Lately I was asked to realize a few slides for an ecommerce site. The work was to go in the company, shoot many photos of sold objects, back to office, clip the images and put them in many backgrounds (I had to make a research of stock images).

The ideas of the final result was sent to me by email, the client took photos from the web of high quality professional advertise and wanted "something like that spending less possible".

I made my best to fulfill his needs and made many tests based on his requests, in the end I sent him something like 30 different images of products in different backgrounds and colors.

The client accepted only 2 images. Now he is complaining that I charge too much for "just two images", when he asked me to work for many hours.

I usually charge him a cost per hour and he knows that.

How to deal with situations like that?

2 Answers 2


It is never easy to negotiate after the fact.

When doing any type of project it is important to set the expectations ahead of time. In your case, you could have estimated that your effort would be in the X-Y hour range or if the client would be paying for accepted images rather than time and materials.

Some of the benefits to this approach are:

  • The client gets a general idea of how much of an investment they will make for the project.
  • You are able to more easily communicate challenges that you face that may affect the original estimate. For example, "I know I estimated X-Y hours, but due to these factors...it looks like we are looking at Z hours. Would you like me to proceed?"

And to answer the "how to deal with these situations" question, there are two options that I would consider:

  • Have an honest communication with the client and mention that just like previous projects, you have been working on an hourly basis and not per deliverable.
  • Or, chalk it up to an education cost and be more clear on future projects/contracts, even for existing clients.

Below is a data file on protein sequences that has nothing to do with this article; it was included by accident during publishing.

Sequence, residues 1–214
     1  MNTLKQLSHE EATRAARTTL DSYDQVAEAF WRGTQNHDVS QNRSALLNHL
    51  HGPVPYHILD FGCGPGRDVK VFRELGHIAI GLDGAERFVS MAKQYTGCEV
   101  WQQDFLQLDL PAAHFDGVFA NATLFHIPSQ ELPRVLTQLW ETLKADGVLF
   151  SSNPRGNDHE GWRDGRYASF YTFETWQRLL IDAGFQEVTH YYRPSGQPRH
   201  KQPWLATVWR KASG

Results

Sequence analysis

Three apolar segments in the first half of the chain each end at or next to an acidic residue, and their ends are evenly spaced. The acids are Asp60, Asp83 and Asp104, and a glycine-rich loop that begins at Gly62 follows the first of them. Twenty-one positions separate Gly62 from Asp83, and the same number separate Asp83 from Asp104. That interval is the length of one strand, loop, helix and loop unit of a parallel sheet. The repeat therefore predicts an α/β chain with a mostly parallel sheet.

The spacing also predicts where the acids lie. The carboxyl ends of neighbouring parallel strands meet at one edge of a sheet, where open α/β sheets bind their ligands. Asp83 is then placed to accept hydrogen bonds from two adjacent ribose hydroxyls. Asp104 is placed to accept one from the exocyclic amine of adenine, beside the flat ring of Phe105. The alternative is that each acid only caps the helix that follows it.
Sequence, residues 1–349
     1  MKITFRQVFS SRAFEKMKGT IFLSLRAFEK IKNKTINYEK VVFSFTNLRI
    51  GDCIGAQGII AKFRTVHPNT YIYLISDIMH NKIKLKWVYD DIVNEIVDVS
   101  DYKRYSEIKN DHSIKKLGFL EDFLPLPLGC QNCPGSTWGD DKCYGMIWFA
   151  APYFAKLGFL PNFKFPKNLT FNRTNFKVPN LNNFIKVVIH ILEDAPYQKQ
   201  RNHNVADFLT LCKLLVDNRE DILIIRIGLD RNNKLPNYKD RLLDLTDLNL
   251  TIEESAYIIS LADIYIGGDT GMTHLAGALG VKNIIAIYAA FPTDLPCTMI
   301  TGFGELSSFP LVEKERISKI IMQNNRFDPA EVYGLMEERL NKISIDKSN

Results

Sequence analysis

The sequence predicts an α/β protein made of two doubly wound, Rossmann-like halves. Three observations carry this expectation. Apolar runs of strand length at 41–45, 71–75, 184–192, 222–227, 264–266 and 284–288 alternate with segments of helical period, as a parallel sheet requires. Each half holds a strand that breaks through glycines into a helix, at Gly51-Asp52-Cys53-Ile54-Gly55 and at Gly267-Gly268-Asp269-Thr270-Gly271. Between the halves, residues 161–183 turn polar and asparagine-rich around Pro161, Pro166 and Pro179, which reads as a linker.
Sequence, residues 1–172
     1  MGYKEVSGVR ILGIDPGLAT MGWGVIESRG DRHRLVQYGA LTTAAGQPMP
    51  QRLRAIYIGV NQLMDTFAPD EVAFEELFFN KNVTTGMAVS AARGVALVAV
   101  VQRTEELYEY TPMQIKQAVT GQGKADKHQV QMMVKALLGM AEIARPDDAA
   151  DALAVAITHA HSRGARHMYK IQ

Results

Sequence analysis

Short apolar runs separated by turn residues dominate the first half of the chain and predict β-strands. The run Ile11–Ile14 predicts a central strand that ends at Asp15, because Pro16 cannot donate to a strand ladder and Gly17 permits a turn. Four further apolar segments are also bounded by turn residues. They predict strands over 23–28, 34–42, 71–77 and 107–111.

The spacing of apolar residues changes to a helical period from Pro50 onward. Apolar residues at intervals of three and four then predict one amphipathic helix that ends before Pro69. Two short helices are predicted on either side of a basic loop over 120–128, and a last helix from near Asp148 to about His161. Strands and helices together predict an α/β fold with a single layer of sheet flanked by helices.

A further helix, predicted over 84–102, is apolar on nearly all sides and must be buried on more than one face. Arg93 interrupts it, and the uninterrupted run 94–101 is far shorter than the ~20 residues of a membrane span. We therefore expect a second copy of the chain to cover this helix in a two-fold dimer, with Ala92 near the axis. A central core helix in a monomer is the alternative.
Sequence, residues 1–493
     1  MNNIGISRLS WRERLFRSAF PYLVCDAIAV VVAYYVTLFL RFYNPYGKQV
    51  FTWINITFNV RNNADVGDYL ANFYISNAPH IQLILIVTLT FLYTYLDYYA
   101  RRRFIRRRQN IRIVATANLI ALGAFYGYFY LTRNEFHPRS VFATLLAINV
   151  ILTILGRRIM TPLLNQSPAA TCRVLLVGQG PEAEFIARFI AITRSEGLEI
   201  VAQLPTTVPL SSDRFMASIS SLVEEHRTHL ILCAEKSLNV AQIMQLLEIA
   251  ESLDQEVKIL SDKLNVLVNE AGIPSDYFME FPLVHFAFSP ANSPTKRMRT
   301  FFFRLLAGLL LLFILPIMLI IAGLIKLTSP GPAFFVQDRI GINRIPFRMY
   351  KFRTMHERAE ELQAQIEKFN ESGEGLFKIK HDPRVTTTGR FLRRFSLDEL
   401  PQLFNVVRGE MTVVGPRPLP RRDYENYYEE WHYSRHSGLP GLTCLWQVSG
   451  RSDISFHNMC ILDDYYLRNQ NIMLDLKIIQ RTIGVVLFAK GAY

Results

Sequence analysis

• This ends up being good in the sense that you're explicitly telling a client when you think you may take longer than expected (or go over budget) and are asking their permission (or rather, they feel like you are), and so the client feels more in control and so ends up happier.
    – Amelia
    Apr 9, 2015 at 11:51

When working on projects that will require a lot of revisions, I sometimes charge a piece rate (based on the time I estimate it will take) and send an explicit email that outlines the number of revisions/research/etc. that the price includes.

Once the client has agreed to a clear list of items, it makes it easier to negotiate again if they want more work to be done. Then you can pull out the hourly rate and explain how much more time you'll likely add to the project.

Unfortunately I've experienced that some clients can't comprehend the amount of time that creative work takes, and an hourly rate becomes a hurdle with those clients.

Sometimes you end up having to eat the cost of the extra time. If that's the case, I recommend communicating tactfully that you're sorry for any misunderstanding and will discount your services for lack of clear communication (even if you think you were clear). Hopefully this makes the client feel at ease and also makes them aware that you cost more than what they're being charged.

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